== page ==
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Anil T. Mangla, B.Sc., MS., PhD., MPH., FRSPH

ASSOCIATE PROFESSOR, DIRECTOR OF PUBLIC HEALTH AND RESEARCH

Anil T. Mangla, B.Sc, M.S., PhD, MPH, FRSPH

Dr. Mangla is an Associate Professor of Biomedical Sciences and the Director of Public Health and Research at University of the Incarnate Word-School of Osteopathic Medicine.  He brings 15 years of International, State and Local Government experience to UIWSOM.  His specialty is in infectious diseases and population health.  Dr. Mangla was the former Assistant Director of Health at San Antonio Metro Health Department. He is an Associate Adjunct Professor at UTSA, School of Public Health and at UTHSCSA, School of Medicine.  Prior to this appointment, he was the Director of the Infectious Disease and Immunization for the Georgia Dept of Public Health and Acting State Epidemiologist for Georgia. He also serves as an Adjunct Assistant Professor at the University of Georgia-Athens and an Assistant Professor at Mercer University, School of Medicine.

Dr. Mangla completed his B.Sc at the University of Durban-Westville, South Africa.  He earned a MS in Chemistry and Biochemistry at University of Texas at El Paso.  His research entailed working on Vibrio harveyi and Vibrio Fisheri.  Dr. Mangla used Affinity chromatography to characterize and purify the enzyme Bacterial Luciferase from these strains. Dr. Mangla then completed his Ph.D in infectious diseases at Texas Tech University under world renown researcher in steroid biochemistry, Dr. William David Nes. His primary research was identifying compounds that would be used as drugs to inhibited and kill bacterial and fungal cells.  Strains  of a fungus (Prototheca) and bacteria (Tuberculosis) were subjected to steroid and steroid like molecules and inhibition rates calculated.

Dr. Mangla then pursued a post-doctoral fellowship at University of Minnesota. His research was very specific on HIV inhibition tehniques. During this fellowship, he received the Bush leadership Fellowship which enabled him to complete an MPH and intern with congresswomen Betty McCollum. He then joined the United Nations Association and was co-president with Congressman Arlen Erdahl during the leadership of Kofi Annan for a 3 year period. Dr. Mangla has published extensively, amongst them a validation of an Oral Fluid test to screen lead poisoning in kids and a publication in the CDC’s, MMWR on the first Polio case in San Antonio.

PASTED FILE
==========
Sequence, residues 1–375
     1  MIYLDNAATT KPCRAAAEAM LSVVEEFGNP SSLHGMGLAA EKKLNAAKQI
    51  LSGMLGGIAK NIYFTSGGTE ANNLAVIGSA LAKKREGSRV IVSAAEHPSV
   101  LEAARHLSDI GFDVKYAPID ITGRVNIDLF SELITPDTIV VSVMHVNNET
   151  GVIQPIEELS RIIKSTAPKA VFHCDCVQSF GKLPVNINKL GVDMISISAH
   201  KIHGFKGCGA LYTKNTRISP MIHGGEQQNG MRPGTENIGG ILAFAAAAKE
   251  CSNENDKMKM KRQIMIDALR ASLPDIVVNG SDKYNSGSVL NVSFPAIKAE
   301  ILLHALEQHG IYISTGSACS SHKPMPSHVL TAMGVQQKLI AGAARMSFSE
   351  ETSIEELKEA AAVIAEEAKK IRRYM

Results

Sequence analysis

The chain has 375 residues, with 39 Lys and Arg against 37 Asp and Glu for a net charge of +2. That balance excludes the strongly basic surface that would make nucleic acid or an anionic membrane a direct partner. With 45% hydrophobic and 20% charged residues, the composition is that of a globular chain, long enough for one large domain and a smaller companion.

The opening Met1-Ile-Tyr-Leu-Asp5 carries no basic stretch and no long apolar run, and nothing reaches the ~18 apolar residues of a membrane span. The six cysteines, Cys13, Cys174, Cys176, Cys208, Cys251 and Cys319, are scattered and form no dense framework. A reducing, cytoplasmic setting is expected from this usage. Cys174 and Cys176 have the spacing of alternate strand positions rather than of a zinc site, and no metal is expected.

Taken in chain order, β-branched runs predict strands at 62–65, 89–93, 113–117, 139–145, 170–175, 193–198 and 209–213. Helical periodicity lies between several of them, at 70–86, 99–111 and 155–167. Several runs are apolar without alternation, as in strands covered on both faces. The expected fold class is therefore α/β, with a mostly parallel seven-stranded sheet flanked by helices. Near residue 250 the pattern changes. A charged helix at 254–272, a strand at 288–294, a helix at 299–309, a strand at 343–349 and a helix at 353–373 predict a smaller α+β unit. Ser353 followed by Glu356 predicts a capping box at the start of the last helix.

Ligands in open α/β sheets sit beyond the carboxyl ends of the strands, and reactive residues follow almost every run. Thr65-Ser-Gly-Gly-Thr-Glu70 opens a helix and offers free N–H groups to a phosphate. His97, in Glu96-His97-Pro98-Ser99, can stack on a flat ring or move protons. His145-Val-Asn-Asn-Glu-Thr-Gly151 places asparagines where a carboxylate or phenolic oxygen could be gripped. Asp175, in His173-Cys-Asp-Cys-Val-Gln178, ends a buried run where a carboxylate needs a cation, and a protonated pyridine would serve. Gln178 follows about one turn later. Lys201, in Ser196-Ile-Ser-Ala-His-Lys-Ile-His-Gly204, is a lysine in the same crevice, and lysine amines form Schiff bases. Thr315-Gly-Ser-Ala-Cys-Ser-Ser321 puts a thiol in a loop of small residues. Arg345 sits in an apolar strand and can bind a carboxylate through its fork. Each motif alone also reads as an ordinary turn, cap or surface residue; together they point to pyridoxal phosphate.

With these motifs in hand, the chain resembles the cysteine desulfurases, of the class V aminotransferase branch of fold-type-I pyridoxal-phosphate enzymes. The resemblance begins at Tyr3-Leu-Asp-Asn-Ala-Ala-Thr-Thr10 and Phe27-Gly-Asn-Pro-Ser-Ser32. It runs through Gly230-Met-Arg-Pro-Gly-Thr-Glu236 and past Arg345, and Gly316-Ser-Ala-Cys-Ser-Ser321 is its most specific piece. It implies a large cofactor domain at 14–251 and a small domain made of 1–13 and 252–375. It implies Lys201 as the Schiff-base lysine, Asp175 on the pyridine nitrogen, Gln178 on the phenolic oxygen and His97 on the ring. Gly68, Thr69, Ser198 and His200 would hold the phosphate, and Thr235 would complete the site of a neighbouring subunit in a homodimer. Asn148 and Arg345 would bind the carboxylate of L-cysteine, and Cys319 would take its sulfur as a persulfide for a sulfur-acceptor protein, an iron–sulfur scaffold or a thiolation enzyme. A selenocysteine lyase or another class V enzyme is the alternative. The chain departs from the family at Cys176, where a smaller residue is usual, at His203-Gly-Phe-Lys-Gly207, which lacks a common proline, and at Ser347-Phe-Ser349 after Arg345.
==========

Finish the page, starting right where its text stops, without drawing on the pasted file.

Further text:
Dr. Mangla worked at MedTox laboratories as a toxicologist for 3 years and assisted in validating the filter paper test for lead testing in children.  He then took a position as chief epidemiologist at the Georgia Department of health and was promoted to Acting State Epidemiologist for the state. He was at the same time the director of infectious disease and immunization for the state of Georgia.  In these roles, he had 350 staff under his supervision and a budget of $500 million. Dr. Mangla was instrumental in introducing a Bill on lead poisoning which then became law.

In 2011, Dr. Mangla accepted a position at the San Antonio Metro Health Department as the chief epidemiologist and the director of communicable diseases for the City of San Antonio. He supervised a staff of 130 with a budget of $7 million. In his role at Metro Health, he was instrumental in decreasing the syphilis and congenital syphilis rates, increase immunization rates and served as the expert on Ebola, Zika and other diseases for the city.

Among many of Dr. Mangla’s accolades are, the Outstanding Young Minnesotan of the Year Award 2001, recipient of the Bush Leadership Fellowship 2003, Outstanding Community Recognition Award 2005, and Fellow of the Royal Institute of Public Health. In 2005, the US flag was flown over the US Capitol to honor Dr. Mangla’s work in Global Health and to the citizens of Minnesota. In 2007, he was awarded the GlaxoSmithKline Child Health Recognition Award. In 2011 he was awarded the Health Hero award by Head-Start for his work in immunizations and well child visits. 

Dr. Mangla has served as a mentor and trainer for many Public Health and Medical students during his tenure as State Epidemiologist and Assistant Director of Health.